Marlburian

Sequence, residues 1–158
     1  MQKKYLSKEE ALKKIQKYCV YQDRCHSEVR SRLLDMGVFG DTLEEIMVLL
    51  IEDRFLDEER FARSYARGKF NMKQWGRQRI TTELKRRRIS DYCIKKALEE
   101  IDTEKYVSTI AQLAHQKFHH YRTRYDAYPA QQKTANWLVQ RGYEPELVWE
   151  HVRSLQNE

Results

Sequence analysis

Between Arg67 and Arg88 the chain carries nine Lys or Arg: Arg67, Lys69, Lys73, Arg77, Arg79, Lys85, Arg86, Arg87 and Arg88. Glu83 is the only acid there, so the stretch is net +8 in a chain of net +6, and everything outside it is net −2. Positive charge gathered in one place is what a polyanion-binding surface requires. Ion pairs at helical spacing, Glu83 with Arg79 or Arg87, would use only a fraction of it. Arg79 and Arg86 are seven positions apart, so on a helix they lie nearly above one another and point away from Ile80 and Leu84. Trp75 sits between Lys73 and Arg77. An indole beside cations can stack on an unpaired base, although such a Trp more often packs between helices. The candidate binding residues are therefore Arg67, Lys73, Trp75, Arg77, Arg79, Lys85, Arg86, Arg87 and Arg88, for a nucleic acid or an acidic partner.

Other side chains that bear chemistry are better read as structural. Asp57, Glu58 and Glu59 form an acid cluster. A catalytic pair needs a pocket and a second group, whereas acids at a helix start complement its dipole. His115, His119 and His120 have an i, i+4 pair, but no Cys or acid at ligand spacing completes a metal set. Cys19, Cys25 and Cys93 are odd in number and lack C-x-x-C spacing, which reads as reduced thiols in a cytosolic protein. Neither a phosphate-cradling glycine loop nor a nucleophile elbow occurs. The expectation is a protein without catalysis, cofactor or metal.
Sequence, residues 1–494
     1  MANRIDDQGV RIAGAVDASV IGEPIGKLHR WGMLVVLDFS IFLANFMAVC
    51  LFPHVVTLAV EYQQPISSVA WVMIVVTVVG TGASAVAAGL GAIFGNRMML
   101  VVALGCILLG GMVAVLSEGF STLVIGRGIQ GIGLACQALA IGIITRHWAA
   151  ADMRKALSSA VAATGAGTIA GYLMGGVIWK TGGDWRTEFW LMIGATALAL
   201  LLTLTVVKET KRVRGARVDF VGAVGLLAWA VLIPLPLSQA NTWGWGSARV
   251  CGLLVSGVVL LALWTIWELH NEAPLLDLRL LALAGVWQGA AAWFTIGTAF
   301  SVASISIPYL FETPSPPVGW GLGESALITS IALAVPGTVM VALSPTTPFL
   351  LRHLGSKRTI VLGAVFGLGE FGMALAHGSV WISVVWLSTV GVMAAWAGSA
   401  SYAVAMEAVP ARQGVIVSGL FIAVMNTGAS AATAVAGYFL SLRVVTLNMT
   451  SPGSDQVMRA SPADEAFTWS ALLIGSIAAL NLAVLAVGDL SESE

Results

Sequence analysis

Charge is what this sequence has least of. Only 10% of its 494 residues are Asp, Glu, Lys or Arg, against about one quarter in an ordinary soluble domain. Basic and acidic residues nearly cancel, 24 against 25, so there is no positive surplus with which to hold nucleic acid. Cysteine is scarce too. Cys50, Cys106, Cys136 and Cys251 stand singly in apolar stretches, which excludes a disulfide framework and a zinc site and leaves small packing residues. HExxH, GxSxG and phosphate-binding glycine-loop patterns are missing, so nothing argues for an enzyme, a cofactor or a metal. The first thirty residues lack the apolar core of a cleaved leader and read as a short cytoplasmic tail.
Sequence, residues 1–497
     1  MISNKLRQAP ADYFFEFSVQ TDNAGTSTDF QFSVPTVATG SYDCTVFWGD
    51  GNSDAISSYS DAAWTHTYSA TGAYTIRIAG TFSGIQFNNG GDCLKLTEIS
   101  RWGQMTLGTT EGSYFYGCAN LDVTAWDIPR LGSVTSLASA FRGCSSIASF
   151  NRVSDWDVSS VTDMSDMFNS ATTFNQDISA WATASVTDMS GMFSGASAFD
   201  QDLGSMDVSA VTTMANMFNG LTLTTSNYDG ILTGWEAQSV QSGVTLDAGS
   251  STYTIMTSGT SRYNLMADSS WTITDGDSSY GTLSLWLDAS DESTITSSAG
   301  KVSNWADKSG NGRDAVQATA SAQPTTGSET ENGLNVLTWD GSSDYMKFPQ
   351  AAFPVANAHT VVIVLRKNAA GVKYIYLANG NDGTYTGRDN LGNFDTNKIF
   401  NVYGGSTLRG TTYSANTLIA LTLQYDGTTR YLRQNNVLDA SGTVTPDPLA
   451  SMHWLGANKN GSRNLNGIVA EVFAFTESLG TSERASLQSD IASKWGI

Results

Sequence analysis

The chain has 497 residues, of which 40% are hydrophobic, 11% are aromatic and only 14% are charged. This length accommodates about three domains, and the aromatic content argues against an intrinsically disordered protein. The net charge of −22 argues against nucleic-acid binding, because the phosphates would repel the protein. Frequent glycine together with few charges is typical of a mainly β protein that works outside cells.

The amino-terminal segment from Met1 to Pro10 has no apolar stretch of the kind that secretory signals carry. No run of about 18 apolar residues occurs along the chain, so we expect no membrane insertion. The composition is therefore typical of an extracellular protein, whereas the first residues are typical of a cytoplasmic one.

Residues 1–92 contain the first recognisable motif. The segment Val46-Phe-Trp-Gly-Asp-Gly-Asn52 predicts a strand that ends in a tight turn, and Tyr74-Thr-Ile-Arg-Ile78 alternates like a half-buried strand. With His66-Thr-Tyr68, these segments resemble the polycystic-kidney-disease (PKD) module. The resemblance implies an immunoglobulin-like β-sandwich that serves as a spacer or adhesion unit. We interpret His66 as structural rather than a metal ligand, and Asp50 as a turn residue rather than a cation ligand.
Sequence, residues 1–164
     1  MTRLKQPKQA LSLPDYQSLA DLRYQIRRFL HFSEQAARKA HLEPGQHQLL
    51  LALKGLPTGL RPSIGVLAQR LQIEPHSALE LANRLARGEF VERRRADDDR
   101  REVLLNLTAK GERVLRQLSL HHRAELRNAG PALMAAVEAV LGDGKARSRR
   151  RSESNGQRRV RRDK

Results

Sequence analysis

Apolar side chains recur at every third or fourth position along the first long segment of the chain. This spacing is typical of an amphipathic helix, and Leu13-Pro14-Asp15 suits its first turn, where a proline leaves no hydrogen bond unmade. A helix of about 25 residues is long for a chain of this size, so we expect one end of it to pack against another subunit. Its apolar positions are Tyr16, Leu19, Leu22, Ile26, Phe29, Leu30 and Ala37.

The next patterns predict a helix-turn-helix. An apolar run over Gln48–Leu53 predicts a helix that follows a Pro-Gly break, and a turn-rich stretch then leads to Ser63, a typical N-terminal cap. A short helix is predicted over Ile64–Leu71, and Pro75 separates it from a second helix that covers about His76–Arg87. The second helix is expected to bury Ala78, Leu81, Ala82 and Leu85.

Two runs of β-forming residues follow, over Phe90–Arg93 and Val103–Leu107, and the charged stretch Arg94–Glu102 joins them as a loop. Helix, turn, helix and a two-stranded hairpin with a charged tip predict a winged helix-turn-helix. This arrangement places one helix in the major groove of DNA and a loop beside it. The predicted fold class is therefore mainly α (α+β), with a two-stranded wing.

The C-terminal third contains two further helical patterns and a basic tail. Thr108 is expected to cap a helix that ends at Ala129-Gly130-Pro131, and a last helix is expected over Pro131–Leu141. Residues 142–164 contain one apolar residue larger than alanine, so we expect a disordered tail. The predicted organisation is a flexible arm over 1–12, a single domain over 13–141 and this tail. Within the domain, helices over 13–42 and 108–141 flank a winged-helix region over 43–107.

The Marlburian period covers the War of the Spanish Succession (1702–1715), triggered by the death in 1700 of the last Habsburg King of Spain, Charles II. Without an heir, power fell to Philip, the second-eldest grandson of King Louis XIV of France. To counter this, England, the Dutch Republic, and Austria re-formed the 1680s Grand Alliance (1701) and supported Emperor Leopold I's claim to the Spanish inheritance for his son, Archduke Charles. The English, Dutch and Austrians formally declared war in May 1702. By 1708, the Duke of Marlborough and Prince Eugene of Savoy had secured several victories but Allied unity broke and the Grand Alliance was defeated in Spain. With the Tories coming to power in Great Britain in 1710, they resolved to end the war and ceased combat operations in 1712. The Dutch, Austrians, and German states fought on but after defeat by Marshal Villars, they had to accept Anglo-French mediation. The conflict ended by partitioning the Spanish empire with the Austrians receiving most of Spain's former European realms, while the Duke of Anjou retained peninsular Spain and Spanish America.

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